Japanese Internet company Livedoor was delisted from the Tokyo Stock Exchange Friday, three months after it was implicated in a fraud scandal that rattled Japan's financial markets.
Livedoor shares ended their final day of trading at 94 yen (equivalent to 79 cents, based on Friday's yen/dollar rate of 118.62), a huge drop from nearly 700 yen in January, before the scandal broke.
Japanese prosecutors raided Livedoor's Tokyo headquarters in January on suspicion that company executives falsely reported profits to conceal financial losses.
Livedoor's founder, Takafumi Horie was arrested several days later and charged with financial fraud. He later resigned as company president, and remains in prison, but denies any wrongdoing.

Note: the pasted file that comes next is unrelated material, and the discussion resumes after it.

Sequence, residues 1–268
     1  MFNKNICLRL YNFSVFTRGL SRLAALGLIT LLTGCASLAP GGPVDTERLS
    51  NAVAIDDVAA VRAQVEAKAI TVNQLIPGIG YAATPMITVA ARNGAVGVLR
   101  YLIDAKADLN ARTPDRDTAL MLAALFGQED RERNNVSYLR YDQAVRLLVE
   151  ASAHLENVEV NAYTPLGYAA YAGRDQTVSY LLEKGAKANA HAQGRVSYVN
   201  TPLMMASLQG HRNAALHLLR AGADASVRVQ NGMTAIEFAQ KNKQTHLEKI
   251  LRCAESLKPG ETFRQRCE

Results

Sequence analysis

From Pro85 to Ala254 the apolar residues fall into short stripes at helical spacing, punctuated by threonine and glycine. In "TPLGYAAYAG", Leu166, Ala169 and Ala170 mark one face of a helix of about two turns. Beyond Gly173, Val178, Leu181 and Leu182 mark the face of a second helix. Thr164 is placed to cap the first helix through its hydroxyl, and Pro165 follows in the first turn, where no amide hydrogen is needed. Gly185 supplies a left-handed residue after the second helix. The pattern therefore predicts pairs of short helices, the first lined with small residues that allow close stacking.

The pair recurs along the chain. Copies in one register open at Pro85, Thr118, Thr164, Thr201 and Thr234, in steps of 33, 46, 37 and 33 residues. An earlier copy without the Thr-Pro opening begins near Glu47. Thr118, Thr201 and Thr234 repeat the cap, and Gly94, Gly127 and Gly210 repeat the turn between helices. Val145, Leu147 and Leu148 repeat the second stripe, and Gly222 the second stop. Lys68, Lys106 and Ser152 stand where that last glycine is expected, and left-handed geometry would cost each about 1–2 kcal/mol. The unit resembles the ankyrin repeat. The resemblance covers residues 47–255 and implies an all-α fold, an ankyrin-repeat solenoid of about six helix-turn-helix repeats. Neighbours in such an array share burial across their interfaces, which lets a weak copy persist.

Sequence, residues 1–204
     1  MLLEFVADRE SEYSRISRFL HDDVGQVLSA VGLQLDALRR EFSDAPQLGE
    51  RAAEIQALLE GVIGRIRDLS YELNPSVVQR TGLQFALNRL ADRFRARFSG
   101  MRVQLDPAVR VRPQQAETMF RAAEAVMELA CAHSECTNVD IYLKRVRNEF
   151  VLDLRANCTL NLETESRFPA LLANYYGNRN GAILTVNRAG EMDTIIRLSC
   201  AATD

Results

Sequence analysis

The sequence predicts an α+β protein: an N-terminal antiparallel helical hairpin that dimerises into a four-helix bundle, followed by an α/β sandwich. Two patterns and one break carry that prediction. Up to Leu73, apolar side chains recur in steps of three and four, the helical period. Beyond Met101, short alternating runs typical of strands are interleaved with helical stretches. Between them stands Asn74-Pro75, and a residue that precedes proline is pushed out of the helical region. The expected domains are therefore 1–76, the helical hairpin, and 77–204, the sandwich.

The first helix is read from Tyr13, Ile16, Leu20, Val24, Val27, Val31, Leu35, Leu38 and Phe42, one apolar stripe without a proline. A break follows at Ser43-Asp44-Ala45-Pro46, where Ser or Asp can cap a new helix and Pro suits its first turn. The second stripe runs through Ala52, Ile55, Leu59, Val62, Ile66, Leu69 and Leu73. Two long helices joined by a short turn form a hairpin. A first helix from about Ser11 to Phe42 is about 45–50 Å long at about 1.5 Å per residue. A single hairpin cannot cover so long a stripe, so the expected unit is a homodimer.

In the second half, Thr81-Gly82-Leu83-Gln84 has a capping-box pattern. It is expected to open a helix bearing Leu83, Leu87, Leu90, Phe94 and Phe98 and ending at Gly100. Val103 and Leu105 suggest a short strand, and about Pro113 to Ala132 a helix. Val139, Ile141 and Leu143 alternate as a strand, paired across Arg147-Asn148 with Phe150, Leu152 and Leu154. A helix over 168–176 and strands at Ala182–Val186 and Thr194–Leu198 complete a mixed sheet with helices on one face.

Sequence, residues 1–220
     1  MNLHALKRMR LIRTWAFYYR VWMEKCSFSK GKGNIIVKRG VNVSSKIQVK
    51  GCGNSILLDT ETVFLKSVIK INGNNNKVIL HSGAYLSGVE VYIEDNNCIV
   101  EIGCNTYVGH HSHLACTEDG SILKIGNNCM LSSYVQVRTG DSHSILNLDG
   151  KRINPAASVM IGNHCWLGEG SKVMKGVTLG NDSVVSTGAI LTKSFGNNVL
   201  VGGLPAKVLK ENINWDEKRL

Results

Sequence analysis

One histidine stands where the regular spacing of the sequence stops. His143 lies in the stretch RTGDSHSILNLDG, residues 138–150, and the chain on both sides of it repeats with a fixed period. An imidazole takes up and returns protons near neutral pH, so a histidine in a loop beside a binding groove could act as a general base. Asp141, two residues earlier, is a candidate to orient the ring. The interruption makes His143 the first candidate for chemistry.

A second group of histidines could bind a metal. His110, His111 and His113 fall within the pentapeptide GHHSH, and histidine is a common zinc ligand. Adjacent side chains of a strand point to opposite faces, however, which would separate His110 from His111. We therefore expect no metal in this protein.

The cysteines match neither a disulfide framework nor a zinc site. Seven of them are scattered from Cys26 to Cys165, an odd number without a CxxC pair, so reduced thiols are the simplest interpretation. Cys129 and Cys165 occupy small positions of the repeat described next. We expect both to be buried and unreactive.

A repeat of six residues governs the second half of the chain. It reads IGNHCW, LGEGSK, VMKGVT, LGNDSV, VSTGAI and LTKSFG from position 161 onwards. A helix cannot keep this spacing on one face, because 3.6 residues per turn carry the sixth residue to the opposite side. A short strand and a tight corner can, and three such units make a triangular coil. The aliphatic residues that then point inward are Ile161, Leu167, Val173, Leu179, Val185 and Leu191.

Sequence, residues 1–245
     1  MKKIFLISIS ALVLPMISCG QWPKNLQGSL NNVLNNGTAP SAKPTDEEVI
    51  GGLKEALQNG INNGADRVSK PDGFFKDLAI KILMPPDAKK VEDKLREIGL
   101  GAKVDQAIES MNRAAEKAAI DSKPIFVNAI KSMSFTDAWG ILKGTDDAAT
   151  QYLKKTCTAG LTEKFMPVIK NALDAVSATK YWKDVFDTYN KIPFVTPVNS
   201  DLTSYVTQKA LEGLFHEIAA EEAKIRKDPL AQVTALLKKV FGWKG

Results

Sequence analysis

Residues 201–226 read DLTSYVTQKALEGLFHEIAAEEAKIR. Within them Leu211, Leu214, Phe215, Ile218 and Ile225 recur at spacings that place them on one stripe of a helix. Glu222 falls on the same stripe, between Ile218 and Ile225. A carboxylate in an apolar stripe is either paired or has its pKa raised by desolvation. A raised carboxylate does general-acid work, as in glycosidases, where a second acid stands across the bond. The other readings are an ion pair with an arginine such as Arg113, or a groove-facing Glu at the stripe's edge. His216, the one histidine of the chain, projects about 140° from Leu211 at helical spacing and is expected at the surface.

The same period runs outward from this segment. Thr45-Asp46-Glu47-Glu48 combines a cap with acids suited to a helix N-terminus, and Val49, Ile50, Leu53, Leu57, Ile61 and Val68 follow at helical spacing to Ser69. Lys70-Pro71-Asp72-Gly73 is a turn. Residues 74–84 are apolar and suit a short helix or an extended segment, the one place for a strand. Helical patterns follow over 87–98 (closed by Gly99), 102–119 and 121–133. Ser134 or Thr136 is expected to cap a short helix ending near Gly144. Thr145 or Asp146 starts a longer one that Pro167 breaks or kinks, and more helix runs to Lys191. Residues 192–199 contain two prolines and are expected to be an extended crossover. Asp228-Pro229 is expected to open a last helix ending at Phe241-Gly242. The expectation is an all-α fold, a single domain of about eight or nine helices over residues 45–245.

The delisting of Livedoor from the Mothers market of the Tokyo Stock Exchange is expected to make it harder for the company to raise funds. The company had traded on the exchange for six years.
Livedoor also faces the prospect of legal action from hundreds of shareholders, who plan to sue the company next month to recover their losses.
Reports say Livedoor could also be taken over by Japanese cable broadcaster Usen, after the two companies recently formed a business alliance.
Livedoor's market value had once reached a high of $7.5 billion, but that figure had plummeted to just $830 million by this week.
Some information for this report was provided by AFP and AP.